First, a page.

(ran GB edition)
Mike Myers's public image as that rarest of creatures, the well-adjusted comic, is about to come undone. A forthcoming expose in Vanity Fair magazine denounces the actor as the sort of neurotic megalomaniac who flies into a rage on a movie set when he's offered butter instead of margarine.
"Comedians are not people. They look like people, but they are a breed unto themselves," a producer says at one point in the lengthy piece by Kim Masters. And Myers, the Saturday Night Live alum and creator of Austin Powers and the Wayne's World movies, is clearly regarded as a separate species by a number of his former colleagues.
The writer seems to have struck a major vein of animosity against the Toronto-bred comic. It was only a few weeks ago that Myers settled a fractious lawsuit in which Universal Studios and Imagine Entertainment accused him of abandoning a movie version of his Dieter and Sprockets characters. The battle had galvanized Hollywood, with major figures either praising him for refusing to accept humiliating projects or denouncing him for behaving like a haughty prima donna.
The Vanity Fair article will do nothing to narrow the division. Depending on your perspective, it is either an avalanche of petty gossip from failed rivals or an examination of the typically dark pathologies that motivate a comic's volatile personality.
The article quotes two fellow comics from the Toronto sketch-comedy circuit who accuse Myers of stealing their German fop character and turning it into Dieter. The chief accuser is fellow Second City alum Dana Anderson, whose career took him back to Edmonton while Myers was going to New York and Hollywood.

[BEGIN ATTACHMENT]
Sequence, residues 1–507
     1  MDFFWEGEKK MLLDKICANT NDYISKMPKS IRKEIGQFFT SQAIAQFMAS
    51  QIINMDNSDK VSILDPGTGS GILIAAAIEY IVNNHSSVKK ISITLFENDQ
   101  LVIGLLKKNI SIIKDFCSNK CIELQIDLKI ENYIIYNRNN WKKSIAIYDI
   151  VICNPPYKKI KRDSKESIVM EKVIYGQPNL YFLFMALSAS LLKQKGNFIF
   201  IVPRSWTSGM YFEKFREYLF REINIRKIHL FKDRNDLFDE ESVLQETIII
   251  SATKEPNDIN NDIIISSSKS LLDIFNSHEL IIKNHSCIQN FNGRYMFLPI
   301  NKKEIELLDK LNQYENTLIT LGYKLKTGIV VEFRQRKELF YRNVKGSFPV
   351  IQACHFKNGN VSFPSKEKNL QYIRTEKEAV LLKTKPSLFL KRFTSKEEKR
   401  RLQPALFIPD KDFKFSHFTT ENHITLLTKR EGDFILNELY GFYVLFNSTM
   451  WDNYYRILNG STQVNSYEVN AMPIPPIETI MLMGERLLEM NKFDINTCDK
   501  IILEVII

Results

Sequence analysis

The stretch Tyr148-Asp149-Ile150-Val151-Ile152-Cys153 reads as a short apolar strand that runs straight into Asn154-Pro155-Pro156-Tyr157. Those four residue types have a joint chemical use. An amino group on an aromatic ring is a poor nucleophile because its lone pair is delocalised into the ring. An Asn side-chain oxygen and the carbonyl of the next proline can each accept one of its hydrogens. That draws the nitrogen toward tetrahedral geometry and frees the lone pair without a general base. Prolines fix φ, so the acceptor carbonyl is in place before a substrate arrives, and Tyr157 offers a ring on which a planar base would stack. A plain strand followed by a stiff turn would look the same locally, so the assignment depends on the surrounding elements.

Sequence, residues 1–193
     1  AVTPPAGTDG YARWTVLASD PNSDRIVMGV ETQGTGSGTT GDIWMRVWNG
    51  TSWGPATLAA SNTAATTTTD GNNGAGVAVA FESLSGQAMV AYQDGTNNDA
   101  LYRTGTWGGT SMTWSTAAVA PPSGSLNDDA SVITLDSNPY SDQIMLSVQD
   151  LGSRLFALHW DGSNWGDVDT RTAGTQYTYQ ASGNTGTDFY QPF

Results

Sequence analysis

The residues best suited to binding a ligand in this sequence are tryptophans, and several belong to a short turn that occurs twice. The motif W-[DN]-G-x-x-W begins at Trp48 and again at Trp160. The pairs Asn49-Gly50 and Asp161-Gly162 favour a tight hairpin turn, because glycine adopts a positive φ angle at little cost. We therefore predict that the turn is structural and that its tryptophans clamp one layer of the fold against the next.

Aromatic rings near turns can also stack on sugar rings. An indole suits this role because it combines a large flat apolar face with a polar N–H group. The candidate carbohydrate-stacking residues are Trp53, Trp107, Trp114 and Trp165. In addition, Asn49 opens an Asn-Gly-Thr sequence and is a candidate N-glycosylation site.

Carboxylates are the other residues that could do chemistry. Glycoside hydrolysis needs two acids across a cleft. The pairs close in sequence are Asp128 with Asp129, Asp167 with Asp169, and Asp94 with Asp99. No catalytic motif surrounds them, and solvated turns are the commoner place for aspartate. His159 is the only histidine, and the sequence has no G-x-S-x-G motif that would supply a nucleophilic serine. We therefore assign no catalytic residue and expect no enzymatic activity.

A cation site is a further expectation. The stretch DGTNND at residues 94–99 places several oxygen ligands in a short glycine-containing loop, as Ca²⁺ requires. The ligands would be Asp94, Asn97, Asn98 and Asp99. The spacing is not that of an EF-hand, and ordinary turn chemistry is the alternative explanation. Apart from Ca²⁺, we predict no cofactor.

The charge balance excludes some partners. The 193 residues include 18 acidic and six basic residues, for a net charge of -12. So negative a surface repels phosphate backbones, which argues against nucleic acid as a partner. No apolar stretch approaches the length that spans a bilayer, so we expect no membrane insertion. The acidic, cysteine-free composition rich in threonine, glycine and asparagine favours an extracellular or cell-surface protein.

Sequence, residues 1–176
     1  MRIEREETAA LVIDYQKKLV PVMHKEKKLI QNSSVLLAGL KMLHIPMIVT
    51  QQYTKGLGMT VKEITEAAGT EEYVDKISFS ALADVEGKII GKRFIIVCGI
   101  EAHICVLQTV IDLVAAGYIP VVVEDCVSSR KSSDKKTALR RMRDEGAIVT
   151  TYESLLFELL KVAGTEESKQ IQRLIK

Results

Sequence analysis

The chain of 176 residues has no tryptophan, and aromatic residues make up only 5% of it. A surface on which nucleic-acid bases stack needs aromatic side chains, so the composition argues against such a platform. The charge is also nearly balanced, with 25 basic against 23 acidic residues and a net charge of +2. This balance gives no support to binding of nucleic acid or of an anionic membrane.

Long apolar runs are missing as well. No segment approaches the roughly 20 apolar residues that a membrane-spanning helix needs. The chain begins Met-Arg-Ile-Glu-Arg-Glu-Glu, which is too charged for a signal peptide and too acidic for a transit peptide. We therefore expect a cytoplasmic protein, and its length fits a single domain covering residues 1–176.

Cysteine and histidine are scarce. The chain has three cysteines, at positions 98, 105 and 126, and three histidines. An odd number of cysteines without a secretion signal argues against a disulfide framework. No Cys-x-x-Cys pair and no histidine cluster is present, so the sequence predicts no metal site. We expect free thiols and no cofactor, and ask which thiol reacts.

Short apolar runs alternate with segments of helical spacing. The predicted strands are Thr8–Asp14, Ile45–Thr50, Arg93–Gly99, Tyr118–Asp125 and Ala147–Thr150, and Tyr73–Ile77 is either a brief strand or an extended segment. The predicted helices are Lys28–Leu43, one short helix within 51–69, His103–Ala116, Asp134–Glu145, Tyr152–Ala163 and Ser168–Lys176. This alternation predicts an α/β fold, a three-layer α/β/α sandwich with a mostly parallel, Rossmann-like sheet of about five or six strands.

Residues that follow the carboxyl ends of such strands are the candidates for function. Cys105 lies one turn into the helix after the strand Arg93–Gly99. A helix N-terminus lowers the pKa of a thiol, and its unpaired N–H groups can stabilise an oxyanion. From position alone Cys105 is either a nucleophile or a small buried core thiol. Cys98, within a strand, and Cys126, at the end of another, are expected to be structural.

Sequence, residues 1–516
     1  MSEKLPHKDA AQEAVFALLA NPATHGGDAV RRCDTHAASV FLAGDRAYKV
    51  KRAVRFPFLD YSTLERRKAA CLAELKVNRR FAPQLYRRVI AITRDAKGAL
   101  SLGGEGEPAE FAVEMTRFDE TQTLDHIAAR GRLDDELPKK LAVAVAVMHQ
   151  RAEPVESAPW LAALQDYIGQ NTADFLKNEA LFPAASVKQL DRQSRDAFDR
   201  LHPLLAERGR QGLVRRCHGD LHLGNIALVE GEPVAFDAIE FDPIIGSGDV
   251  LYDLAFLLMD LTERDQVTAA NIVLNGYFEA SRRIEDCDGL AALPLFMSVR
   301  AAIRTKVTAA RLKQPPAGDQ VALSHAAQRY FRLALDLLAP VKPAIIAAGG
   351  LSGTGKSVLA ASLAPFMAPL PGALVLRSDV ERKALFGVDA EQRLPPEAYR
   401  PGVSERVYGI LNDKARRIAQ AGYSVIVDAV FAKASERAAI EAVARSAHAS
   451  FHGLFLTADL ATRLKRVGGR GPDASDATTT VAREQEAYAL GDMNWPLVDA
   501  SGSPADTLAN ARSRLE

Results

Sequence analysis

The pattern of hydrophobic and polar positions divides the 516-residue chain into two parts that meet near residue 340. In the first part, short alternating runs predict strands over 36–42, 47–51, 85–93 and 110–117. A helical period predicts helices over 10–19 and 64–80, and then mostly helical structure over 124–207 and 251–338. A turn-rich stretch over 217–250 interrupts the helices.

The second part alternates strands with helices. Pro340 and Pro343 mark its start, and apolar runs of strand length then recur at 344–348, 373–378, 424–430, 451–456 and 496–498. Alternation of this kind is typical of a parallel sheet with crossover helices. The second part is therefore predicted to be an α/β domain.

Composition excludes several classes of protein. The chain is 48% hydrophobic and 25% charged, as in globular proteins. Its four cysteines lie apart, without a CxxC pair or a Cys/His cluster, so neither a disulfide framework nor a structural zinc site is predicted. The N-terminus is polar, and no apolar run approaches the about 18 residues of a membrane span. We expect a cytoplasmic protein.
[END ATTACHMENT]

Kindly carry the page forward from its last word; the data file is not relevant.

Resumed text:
Anderson says in the article that he was speaking effete German phrases and yelling "Touch my monkey!" long before his former colleague turned this into another Saturday Night Live catch phrase.
Anderson's bitterness is palpable.
"He could have invited us to the set to see Saturday Night Live before he left," he says.
The article also accuses Myers of stealing his Dr. Evil character from Dana Carvey, a Saturday Night Live colleague. Dr. Evil was largely an impersonation of Lorne Michaels, the Canadian-born creator and producer of SNL. According to several colleagues, Carvey was the first to do this schtick, although Myers points out that everyone on the set was imitating the boss, "including the secretaries."
Michaels, in fact, becomes Myers' most outspoken defender in an article that also accuses the comic of being obsessed with pleasing his mother and not being a person who enjoys hugging other men. (In Hollywood, this is considered suspect.)
"I know you can make a really strong case against Mike because he's clearly frustrated and angered so many people," Michaels says. "But I also think that it's not coming from any place of malice, and that he only cares about getting it right."